13 February 2012 Last updated at 13:32 GMT
Obama budget plan to tax the rich
President Barack Obama - 16 September 2011 President Obama's proposal will be strongly resisted in Congress
US President Barack Obama will seek to raise taxes on the wealthy as he unveils his budget later, prompting an election year fight with Republicans.
The spending proposal includes $1.5 trillion (£950bn) in new taxes, much from allowing Bush-era tax cuts to expire.
He will also call for a Buffett Plan tax hike on millionaires and job-creating infrastructure projects.
The budget must be agreed between the White House and Congress.
Mr Obama will address students at a college in Virginia on Monday morning as he outlines his 2013 spending proposal to Congress.
Dead on arrival?
The BBC's Steve Kingstone says the budget will offer a clear contrast between Mr Obama's vision and that of Republicans.
At its core will be the idea that the wealthiest Americans should pay more in tax and that, in the short-term, a chunk of that extra revenue should be spent on job creation, manufacturing and upgrading the nation's schools.
But Republican leaders, who portray Mr Obama as a tax-and-spend liberal stoking class warfare, have already pronounced the budget dead on arrival.
Mr Obama's plan to allow George W Bush-era tax cuts to expire would affect families making $250,000 or more per year.
The president would also put in place a rule named after billionaire Warren Buffett to tax households making more than $1m annually at a rate of at least 30%.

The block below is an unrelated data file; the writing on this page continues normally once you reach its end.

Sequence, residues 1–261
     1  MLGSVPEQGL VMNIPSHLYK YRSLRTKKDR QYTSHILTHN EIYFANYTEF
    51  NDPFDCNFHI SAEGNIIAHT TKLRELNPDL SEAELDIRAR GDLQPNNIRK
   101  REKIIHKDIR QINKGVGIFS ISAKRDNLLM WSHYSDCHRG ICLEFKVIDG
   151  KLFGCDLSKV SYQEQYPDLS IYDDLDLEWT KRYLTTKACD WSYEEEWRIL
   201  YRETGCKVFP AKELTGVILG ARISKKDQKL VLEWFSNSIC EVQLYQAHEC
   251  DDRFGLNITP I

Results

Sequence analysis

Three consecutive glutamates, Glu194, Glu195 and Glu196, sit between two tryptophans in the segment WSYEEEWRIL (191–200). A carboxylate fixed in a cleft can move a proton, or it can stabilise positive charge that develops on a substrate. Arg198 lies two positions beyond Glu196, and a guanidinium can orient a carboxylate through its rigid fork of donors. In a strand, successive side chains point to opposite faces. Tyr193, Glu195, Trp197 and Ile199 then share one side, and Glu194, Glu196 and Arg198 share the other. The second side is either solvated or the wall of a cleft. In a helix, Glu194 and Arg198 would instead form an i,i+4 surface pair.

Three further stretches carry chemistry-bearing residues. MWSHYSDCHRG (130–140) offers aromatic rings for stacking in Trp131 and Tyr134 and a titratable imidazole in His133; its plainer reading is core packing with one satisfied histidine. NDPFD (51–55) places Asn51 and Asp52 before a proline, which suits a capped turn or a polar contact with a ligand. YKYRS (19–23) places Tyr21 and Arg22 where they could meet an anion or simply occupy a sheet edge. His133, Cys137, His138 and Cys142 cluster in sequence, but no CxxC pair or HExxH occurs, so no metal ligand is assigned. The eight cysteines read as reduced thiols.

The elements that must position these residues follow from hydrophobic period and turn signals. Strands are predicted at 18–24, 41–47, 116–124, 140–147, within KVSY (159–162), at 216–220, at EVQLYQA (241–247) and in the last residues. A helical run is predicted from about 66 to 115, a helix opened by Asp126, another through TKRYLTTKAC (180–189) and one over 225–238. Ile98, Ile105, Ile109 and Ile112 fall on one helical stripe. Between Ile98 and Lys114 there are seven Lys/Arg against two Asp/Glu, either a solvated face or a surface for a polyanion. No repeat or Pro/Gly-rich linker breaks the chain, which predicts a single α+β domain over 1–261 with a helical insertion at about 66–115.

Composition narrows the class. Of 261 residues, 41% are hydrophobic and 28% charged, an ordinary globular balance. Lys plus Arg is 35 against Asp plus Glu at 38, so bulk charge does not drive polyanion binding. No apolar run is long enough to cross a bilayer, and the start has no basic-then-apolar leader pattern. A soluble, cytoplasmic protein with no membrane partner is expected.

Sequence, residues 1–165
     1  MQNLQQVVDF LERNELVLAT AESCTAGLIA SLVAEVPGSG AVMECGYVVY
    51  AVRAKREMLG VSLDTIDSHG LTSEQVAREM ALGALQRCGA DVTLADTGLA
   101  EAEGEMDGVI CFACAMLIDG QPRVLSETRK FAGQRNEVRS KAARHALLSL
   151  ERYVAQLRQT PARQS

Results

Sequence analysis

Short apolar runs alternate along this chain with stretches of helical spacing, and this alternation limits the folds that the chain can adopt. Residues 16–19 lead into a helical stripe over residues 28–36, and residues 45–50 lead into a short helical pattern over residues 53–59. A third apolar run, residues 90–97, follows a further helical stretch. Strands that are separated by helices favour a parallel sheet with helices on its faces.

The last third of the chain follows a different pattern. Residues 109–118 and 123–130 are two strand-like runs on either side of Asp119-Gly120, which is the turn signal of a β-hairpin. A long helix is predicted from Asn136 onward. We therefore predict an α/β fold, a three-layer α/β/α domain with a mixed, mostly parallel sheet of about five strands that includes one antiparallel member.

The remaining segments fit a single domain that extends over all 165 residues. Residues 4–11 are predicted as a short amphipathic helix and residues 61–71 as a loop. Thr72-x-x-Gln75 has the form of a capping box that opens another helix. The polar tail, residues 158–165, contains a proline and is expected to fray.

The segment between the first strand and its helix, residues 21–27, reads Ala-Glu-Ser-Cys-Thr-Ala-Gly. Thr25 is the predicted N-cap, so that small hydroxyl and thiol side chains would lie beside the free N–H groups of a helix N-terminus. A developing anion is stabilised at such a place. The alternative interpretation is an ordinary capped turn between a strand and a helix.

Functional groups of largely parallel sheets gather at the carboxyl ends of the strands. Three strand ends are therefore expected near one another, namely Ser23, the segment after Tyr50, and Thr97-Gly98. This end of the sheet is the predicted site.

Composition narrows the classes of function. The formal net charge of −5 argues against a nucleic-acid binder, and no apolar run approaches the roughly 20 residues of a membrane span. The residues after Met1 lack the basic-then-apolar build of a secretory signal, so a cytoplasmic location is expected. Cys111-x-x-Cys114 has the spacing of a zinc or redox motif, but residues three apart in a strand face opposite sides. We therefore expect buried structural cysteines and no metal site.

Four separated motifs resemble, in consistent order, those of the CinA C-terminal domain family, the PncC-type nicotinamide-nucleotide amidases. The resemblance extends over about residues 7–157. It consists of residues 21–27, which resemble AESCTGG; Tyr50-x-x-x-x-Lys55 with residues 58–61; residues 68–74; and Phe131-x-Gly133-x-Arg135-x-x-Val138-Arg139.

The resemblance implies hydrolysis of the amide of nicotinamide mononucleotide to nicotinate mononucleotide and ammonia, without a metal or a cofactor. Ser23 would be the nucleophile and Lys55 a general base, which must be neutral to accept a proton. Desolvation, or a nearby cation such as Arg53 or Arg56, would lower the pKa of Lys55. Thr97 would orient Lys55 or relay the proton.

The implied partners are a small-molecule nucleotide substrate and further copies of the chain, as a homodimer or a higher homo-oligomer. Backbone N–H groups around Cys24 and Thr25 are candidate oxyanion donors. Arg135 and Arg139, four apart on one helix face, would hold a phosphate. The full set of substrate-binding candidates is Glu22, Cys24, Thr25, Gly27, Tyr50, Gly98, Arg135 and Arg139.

In a populist touch, over the next decade, the plan would levy a new $61bn tax on financial institutions, in an effort to recover the costs of the financial bailout. And it would raise a further $41bn by cutting tax breaks for oil, gas and coal companies.
Republicans have been railing against the budget, which would entail a fourth year in a row of trillion-dollar-plus deficits.
The spending plan, which would take effect on 1 October, projects a deficit for this year of $1.33 trillion, with the amount shrinking to $901bn by 2013 and $575bn in 2018.
Mr Obama will also propose more than $100bn in investments for transportation projects, revamps for tens of thousands of schools and for the hiring of teachers and emergency service workers.
The plan would seek to defer major spending cuts until the economy is on a more steady footing, a priority as Mr Obama seeks re-election in November.
"I think there is pretty broad agreement that the time for austerity is not today," new White House chief of staff Jack Lew told NBC's Meet the Press on Sunday.